In 2016, Kuwait amended the election law to bar all those convicted for “insulting” God, the prophets, or His Highness the Amir from running for office or voting in elections. The law is likely to bar some opposition members of parliament from contesting or voting in future elections. The Cybercrime Law, which went into effect in 2016, includes far-reaching restrictions on internet-based speech, such as prison sentences, and fines for insulting religion, religious figures, and His Highness the Amir.
Treatment of minorities
Kuwait has a population of about 100,000 stateless persons, known as Bidoon, whose predicament dates to the foundation of the Kuwaiti state.
After an initial registration period for citizenship ended in 1960, authorities shifted Bidoon citizenship claims to administrative committees that for decades have avoided resolving the claims. Authorities claim that many Bidoon are “illegal residents” who deliberately destroyed evidence of another nationality to receive benefits.
Members of the Bidoon community have taken to the streets to protest the government’s failure to address their citizenship claims, despite government warnings that Bidoon should not gather in public. Article 12 of the 1979 Public Gatherings Law bars non-Kuwaitis from participating in public gatherings. In September, a Bidoon man reportedly set himself on fire to protest the status and conditions of the Bidoon in Kuwait.
In October, Kuwait’s Constitutional Court found that an overbroad 2015 law that had required all Kuwaiti citizens and residents to provide DNA samples to authorities violated the right to privacy. The law was introduced after the June 2015 suicide bombing of the Imam Sadiq Mosque. Authorities reported to local media at the time that anyone failing to comply with the law would be subject to sanctions, including cancelling their passports and a possible travel ban. In 2016, the United Nations Human Rights Committee found the law imposed “unnecessary and disproportionate restrictions on the right to privacy.”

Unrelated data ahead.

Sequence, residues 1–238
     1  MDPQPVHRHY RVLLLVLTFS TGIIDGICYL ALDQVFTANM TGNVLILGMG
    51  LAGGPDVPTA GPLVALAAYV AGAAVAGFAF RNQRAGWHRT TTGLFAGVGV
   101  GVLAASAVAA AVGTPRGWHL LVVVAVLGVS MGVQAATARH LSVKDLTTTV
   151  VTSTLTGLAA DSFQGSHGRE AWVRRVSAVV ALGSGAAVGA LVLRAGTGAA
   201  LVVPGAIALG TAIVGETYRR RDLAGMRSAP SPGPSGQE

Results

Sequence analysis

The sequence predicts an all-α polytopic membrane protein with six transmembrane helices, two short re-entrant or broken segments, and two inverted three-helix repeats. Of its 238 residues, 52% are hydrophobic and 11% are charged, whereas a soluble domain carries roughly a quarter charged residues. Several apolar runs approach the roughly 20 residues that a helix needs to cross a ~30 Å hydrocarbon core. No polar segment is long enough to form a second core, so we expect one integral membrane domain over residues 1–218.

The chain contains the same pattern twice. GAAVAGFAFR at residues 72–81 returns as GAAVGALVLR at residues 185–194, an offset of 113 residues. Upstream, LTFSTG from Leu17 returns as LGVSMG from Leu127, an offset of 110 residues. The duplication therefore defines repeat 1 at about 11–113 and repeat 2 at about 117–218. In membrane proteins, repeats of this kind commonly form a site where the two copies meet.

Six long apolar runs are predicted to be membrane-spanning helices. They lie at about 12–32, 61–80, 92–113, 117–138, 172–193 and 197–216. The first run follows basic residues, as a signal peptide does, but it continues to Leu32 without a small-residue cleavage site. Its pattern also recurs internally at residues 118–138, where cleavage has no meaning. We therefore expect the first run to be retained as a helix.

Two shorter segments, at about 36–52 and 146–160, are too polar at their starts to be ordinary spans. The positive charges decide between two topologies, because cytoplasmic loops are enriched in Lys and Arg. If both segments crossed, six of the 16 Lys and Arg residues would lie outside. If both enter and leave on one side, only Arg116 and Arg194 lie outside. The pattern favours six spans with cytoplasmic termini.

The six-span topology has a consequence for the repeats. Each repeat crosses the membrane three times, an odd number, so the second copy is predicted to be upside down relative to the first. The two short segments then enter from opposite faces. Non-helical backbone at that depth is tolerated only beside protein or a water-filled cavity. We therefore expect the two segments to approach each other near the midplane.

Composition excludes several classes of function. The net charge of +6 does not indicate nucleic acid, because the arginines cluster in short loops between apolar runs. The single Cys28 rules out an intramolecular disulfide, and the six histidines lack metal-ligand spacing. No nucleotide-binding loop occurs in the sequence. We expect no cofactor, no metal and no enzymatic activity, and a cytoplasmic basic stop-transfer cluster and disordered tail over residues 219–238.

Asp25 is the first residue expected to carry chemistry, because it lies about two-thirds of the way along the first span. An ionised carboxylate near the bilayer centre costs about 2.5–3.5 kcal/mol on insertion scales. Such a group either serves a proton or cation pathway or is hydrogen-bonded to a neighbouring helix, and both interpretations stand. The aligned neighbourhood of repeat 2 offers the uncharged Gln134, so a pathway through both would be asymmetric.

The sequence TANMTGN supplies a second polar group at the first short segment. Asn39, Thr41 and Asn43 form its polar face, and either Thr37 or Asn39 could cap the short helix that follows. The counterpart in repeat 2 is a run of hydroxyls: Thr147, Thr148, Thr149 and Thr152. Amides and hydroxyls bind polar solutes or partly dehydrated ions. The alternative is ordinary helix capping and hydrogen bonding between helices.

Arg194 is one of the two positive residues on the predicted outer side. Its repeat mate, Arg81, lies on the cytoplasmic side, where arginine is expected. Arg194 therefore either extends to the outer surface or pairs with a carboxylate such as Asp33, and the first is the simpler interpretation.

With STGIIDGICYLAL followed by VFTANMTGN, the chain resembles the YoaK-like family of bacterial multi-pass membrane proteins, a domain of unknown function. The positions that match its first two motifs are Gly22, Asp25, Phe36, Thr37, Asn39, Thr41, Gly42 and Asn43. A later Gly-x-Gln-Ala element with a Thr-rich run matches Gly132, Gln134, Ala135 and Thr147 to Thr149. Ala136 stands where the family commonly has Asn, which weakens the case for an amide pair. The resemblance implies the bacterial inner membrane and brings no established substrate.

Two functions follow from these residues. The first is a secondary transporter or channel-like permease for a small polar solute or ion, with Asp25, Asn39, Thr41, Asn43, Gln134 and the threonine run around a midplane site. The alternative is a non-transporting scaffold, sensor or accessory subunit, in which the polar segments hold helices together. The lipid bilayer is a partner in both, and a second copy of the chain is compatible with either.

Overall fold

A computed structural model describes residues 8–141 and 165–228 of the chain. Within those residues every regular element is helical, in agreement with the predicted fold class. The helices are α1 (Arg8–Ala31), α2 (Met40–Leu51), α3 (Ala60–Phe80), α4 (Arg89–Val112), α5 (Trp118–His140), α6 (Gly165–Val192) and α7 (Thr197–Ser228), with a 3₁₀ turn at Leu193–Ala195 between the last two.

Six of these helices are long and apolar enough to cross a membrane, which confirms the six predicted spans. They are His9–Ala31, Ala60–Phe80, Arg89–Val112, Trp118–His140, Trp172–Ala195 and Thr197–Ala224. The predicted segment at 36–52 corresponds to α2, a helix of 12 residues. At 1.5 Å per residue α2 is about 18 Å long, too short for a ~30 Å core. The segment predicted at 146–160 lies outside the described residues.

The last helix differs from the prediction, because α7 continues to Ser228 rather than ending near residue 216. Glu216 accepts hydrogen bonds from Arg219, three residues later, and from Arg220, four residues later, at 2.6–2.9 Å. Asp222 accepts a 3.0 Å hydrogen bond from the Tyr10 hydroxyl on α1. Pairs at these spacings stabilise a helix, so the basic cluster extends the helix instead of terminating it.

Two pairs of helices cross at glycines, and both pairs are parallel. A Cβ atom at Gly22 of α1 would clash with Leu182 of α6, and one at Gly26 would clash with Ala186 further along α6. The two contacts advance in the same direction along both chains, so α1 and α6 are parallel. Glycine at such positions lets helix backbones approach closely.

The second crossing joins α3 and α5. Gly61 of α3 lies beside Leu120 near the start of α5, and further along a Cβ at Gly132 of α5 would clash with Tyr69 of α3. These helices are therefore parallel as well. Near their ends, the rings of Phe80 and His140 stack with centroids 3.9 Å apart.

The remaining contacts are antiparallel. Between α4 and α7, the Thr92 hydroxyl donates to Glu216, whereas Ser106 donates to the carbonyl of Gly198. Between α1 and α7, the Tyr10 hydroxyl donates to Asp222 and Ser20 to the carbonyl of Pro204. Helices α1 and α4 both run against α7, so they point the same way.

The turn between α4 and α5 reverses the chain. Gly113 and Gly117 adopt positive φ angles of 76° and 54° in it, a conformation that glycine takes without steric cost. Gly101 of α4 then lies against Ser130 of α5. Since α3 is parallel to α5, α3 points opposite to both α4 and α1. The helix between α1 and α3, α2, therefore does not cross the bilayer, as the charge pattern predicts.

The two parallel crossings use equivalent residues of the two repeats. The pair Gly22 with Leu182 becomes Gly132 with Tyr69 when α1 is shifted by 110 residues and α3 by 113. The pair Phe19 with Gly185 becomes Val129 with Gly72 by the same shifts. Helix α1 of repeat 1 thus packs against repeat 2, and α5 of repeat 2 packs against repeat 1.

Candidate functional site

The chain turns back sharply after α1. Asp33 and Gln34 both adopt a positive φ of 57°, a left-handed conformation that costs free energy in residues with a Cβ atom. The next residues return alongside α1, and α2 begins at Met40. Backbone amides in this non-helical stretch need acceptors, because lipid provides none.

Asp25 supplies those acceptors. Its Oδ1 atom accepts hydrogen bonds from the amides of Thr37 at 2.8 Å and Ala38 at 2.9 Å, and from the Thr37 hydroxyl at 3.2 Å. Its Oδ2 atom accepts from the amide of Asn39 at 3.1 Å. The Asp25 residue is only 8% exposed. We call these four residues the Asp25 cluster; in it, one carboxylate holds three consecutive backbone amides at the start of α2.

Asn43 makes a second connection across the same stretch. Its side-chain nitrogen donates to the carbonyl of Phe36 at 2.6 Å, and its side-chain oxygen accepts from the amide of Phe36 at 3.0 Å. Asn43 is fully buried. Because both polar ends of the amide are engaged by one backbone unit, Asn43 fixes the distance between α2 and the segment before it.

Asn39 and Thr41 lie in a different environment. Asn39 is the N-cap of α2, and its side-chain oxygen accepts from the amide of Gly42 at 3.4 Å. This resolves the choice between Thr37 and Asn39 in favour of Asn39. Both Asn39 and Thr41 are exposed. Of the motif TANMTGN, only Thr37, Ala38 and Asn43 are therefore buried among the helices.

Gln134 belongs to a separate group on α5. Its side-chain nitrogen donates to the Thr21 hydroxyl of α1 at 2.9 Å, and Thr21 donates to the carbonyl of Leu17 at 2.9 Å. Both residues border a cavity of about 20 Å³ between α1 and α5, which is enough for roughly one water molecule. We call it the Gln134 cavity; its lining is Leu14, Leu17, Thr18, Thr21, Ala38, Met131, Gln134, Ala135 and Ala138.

Women’s rights, sexual orientation, and gender identity
Kuwaiti personal status law, which applies to Sunni Muslims who make up most Kuwaitis, discriminates against women. For example, some women require a male guardian to conclude their marriage contracts; women must apply to the courts for a divorce on limited grounds unlike men who can unilaterally divorce their wives; and women can lose custody of their children if they remarry someone outside the family. Men can marry up to four wives, without the permission or knowledge of the other wife or wives. A man can prohibit his wife from working if it is deemed to negatively affect the family interests. The rules that apply to Shia Muslims also discriminate against women.
Kuwait has no laws prohibiting domestic violence or marital rape. A 2015 law establishing family courts set up a center to deal with domestic violence cases, but requires the center to prioritize reconciliation over protection for domestic violence survivors. Article 153 of the Kuwaiti penal code stipulates that a man who finds his mother, wife, sister, or daughter in the act of adultery and kills them is punished by either a small fine or no more than three years in prison. Kuwaiti women married to non-Kuwaitis, unlike Kuwaiti men, cannot pass citizenship to their children or spouses.
Adultery and extramarital intercourse are criminalized, and same-sex relations between men are punishable by up to seven years in prison. In 2017, Kuwait reportedly deported 76 men on suspicion of being gay. Transgender people can be arrested under a 2007 penal code provision that prohibits “imitating the opposite sex in any way.”
Kuwait maintains the death penalty for nonviolent offenses, including drug-related charges. In January, it carried out seven executions by hanging, the first executions since 2013. Human Rights Watch has documented due process violations in Kuwait’s criminal justice system that have made it difficult for defendants to get a fair trial, including in capital cases.